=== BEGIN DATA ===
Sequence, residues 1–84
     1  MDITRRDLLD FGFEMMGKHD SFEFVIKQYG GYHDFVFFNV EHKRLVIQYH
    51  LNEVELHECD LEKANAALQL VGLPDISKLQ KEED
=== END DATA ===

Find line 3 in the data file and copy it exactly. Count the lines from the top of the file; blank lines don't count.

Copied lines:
    51  LNEVELHECD LEKANAALQL VGLPDISKLQ KEED